Mr. President, when I see you giving crime preventers 14 billion and several billions to many other groups, when so called Front-line health workers haven’t received their weekly 80,000 shs UGX (less than $10) for the past 6 months, I wonder what the future looks like.Intern medical doctors and Senior House Officers (graduate medical doctors in training) who are the back bone of this country’s public health system earn less than $500 per month and they have to keep crying out before they receive it. These same workers do not receive personal protective equipment and other supplies as they should. Mr. President, is this the future?
That a trained medical doctor can’t afford decent accommodation or take their child to a good school but some individual will paid 1 billion to torment the opposition and sing Mzee Pakalast, Mzee Abeewo. Mr. President, when will it ever be about Uganda? Why set up Ugandans against each other? What exactly is the future? When shall we finally invest in the country and the people of Uganda? When does our money start helping Ugandans? Many people out there looking for startup capital of 50,000 UGX and can’t find it, or are passionate about agriculture but won’t access land.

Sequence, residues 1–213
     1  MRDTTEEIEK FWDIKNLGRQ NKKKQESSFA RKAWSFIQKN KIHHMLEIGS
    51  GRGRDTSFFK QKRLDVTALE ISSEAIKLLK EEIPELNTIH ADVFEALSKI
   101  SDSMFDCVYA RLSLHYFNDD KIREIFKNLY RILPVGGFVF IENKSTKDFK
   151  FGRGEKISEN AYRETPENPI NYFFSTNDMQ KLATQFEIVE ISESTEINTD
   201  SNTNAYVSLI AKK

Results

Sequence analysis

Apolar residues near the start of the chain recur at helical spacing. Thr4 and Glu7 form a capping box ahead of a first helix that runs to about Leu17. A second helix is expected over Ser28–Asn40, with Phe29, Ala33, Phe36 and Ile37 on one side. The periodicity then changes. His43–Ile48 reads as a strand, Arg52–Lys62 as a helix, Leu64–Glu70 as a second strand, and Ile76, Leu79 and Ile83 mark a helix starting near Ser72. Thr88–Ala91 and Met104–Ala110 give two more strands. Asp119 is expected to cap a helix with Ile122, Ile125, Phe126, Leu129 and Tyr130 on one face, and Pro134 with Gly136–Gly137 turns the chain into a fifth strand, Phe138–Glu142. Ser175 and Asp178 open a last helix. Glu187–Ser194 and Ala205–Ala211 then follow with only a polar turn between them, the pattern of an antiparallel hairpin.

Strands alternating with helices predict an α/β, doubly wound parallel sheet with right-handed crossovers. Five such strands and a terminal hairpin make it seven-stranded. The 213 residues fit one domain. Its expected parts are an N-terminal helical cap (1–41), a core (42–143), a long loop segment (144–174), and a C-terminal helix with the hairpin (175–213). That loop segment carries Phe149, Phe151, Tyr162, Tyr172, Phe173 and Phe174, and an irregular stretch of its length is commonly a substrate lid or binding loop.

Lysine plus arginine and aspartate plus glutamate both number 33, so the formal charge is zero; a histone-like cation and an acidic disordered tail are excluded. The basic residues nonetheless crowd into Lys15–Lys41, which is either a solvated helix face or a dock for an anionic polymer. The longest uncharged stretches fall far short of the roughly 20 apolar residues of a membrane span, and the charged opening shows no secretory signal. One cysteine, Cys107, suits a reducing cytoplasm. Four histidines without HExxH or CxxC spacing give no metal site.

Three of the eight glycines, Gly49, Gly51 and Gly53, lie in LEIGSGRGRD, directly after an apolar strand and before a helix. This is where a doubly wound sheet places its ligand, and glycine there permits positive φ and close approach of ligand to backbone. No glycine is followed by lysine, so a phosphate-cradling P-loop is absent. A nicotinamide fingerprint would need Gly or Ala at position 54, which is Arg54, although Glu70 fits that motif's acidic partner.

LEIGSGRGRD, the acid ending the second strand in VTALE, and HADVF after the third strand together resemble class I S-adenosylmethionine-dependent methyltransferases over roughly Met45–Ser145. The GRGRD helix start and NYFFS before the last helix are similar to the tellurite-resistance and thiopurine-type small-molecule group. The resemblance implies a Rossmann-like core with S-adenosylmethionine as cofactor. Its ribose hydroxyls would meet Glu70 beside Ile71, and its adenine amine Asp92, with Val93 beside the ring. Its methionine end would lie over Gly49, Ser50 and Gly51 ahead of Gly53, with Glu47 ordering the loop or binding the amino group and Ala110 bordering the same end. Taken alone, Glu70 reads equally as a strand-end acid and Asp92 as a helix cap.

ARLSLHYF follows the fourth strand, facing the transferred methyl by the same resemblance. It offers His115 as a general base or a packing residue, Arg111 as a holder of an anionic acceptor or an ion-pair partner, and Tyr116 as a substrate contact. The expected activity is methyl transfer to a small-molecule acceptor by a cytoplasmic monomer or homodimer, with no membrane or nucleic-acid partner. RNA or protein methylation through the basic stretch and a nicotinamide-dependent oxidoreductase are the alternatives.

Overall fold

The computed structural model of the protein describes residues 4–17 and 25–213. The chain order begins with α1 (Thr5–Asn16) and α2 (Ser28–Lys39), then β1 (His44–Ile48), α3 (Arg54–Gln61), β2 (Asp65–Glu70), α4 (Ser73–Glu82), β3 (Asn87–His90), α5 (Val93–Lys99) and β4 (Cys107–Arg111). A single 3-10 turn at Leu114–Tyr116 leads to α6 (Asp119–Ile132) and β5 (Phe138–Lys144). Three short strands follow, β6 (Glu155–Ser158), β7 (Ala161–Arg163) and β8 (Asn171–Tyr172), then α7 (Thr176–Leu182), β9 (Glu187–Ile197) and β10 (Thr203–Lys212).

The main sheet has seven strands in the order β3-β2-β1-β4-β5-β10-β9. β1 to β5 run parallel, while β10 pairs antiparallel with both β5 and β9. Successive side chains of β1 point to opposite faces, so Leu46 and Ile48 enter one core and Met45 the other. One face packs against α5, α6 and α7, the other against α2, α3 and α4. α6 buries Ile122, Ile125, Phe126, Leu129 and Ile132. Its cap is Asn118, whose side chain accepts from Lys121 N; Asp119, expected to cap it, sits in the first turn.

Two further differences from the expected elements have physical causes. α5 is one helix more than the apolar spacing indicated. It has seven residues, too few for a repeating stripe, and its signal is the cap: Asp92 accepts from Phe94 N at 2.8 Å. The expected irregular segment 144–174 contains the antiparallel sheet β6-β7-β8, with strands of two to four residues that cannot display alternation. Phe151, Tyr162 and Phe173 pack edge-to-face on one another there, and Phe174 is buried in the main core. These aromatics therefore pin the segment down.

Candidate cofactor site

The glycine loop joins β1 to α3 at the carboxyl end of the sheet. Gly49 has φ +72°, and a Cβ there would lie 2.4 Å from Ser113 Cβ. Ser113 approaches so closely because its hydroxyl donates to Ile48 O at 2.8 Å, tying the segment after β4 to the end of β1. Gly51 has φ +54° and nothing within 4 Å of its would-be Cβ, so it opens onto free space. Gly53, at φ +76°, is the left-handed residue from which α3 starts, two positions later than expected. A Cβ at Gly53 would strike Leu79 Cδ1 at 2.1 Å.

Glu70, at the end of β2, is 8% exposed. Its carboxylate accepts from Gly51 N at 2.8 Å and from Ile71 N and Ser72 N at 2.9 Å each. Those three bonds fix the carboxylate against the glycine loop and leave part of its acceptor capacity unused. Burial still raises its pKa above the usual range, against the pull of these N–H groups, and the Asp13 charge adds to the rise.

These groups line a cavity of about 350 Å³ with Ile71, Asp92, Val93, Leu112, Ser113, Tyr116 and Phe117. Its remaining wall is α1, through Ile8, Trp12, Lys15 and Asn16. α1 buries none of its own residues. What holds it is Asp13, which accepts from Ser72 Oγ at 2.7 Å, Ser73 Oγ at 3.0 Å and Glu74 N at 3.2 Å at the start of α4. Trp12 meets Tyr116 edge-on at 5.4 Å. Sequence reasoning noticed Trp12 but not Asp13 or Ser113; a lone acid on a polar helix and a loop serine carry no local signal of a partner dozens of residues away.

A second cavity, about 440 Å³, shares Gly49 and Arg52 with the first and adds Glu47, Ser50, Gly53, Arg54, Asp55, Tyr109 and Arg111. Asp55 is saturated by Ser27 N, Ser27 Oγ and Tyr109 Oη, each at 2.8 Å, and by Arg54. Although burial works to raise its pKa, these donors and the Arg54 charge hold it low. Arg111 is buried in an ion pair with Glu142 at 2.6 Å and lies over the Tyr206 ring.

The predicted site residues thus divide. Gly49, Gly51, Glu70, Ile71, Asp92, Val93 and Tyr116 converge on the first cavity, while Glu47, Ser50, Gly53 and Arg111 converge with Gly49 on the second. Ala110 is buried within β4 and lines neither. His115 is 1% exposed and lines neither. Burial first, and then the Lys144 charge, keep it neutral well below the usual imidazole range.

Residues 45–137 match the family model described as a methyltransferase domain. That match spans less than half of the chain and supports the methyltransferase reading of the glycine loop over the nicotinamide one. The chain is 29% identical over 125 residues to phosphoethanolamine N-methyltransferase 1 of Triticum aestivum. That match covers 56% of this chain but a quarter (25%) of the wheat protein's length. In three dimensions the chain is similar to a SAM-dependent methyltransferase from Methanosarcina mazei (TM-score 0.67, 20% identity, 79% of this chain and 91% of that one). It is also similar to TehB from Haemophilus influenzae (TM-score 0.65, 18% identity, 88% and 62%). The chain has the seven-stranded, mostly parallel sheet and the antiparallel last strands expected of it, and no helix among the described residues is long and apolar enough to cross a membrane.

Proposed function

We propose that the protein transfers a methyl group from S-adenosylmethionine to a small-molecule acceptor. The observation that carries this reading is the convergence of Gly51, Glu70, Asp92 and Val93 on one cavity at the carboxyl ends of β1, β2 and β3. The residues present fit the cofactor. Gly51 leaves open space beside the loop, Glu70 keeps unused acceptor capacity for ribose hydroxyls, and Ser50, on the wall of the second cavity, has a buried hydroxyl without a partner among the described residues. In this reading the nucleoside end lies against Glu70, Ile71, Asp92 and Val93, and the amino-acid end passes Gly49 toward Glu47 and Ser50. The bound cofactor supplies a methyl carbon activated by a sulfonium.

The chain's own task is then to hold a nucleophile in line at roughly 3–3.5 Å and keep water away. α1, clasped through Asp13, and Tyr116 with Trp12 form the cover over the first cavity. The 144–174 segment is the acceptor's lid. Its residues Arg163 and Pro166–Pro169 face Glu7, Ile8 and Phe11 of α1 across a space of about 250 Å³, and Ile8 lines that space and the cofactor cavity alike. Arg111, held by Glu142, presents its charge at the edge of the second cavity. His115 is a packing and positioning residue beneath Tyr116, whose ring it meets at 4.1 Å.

Mr. President, it looks like not even the pandemic could open your eyes to the ugly reality of a broken health system. With billions of money passed to manage COVID-19 in this country, where are the ‘COVID-19’ hospitals constructed? Where are the facilities set up? Your own men and women (of the NRM) has since died in Mulago, while fighting for dear life.
This National Referral Hospital has eight (8) functional beds in the Intensive Care Unit. 8 for all of us 40 million Ugandans. I will not go through the pain of accessing ambulances, dialysis services, CT scans, just to mention but a few, services that are meant to be essential but are practically non-existent. It is therefore not surprising that even Honorable Members of Parliament have died on the floor and in the corridors.
I wish you good luck in the fourth coming elections, where you will be participating for the sixth (6th) time. And as I write that, I equally wish that I was instead wishing you a beautiful retirement and a great time with your family and friends as you watch over the Uganda which you fought so strongly for and mentor leaders for the future.
*Dr. Richard Kalungi*@rkkkalungi